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The Association of American Railroads estimates a freight-rail strike would cost the economy more than $2 billion a day, according to a report issued yesterday in an effort to pressure seven unions to agree to a new labor contract with the nation's rail carriers.
The AAR issued the report yesterday, and said if negotiations remain unsettled with the remaining unions by Sept. 16, Congress must act to prevent a rail service interruption. Sept. 16 is the date that a 30-day "cooling-off" period between the railroads and labor unions under the Railway Labor Act expires.
"Failure to act could idle more than 7,000 trains daily and trigger retail product shortages, widespread manufacturing shutdowns, job losses and disruptions to hundreds of thousands of passenger-rail customers," AAR officials said in a press release.
The cooling-off period followed the Presidential Emergency Board's recommendations for a contract settlement. To date, five unions — representing 21,000 of the nation’s 115,000 unionized workers — have agreed to accept those recommendations. Seven have yet to accept the recommended terms.
"President Biden’s PEB-recommended terms that would maintain the highest quality health-care coverage and result in compounded wage increases of 24%, bonuses totaling $5,000 — the highest pay increases in nearly 50 years," said AAR President and CEO Ian Jefferies.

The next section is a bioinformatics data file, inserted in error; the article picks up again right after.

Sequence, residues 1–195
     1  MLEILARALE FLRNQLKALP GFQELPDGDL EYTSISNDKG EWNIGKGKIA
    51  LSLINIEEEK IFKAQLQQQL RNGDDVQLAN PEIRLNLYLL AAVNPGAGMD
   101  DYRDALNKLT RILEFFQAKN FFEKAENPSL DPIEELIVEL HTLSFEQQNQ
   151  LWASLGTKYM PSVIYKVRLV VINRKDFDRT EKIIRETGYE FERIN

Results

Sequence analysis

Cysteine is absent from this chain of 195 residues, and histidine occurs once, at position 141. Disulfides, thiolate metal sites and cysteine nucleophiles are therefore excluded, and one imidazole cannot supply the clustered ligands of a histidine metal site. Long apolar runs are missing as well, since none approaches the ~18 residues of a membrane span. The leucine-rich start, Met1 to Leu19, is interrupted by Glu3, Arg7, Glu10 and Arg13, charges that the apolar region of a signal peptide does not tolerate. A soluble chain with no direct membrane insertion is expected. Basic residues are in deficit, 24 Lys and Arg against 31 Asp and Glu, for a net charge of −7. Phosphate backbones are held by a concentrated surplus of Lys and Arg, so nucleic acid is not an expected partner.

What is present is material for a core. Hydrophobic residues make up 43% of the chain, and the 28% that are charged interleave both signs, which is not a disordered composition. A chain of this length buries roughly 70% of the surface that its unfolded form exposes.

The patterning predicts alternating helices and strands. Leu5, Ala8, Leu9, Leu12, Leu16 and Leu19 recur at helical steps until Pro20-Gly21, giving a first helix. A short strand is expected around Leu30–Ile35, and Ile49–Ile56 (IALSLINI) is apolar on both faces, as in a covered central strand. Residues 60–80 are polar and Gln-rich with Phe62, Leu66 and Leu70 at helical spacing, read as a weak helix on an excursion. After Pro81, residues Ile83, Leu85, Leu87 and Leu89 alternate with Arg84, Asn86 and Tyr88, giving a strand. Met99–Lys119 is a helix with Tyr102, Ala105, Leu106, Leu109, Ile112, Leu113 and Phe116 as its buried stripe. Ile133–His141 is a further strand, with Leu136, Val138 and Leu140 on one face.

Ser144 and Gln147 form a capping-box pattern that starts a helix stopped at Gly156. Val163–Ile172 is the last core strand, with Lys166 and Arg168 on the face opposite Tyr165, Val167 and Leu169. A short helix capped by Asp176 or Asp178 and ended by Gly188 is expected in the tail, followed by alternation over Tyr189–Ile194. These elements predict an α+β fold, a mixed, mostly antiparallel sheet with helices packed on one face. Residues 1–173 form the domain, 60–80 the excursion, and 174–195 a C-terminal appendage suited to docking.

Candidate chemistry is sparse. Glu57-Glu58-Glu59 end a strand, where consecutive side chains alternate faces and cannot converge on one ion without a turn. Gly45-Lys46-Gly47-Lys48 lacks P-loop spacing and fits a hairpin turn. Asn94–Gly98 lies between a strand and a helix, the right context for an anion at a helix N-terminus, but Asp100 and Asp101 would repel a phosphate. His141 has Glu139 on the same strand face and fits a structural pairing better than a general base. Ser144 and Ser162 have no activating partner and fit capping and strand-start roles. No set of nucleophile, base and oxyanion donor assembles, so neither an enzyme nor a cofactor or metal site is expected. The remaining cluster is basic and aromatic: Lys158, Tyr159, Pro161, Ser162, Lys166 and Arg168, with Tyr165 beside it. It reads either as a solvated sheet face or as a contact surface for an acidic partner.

The AAR report updates a 1992 Federal Railroad Administration econometric study to quantify the potential impacts of a national rail shutdown on employment and economic output in today’s dollars. Additionally, the report outlines how the lost economic output would harm manufacturers, distributors, retailers and consumers.
The Railway Labor Act governs the bargaining process between the rail industry and its 115,000 unionized employees, encouraging parties to settle disputes without disruption to national rail service. Ultimately, Congress has the power to intercede and avert a shutdown.
The AAR’s report can be read here.
Officials representing the unions that have yet to agree to terms have said they are holding out with the hope that the railroads will agree to address their concerns about working conditions.
Meanwhile, shippers are concerned about the impact a rail shutdown would have on the economy. Yesterday, The Fertilizer Institute, representing the fertilizer industry, sent a letter to congressional leadership urging action to prevent a rail-service shutdown.
"A disruption to freight-rail operations would be catastrophic,” said TFI President and CEO Corey Rosenbusch in a press release. “Over half of all fertilizer moves by rail year-round throughout the United States and the timeliness and reliability of fertilizer shipments is absolutely critical. If farmers do not receive fertilizer, it results in lower crop yields, higher food prices and more inflation for consumers."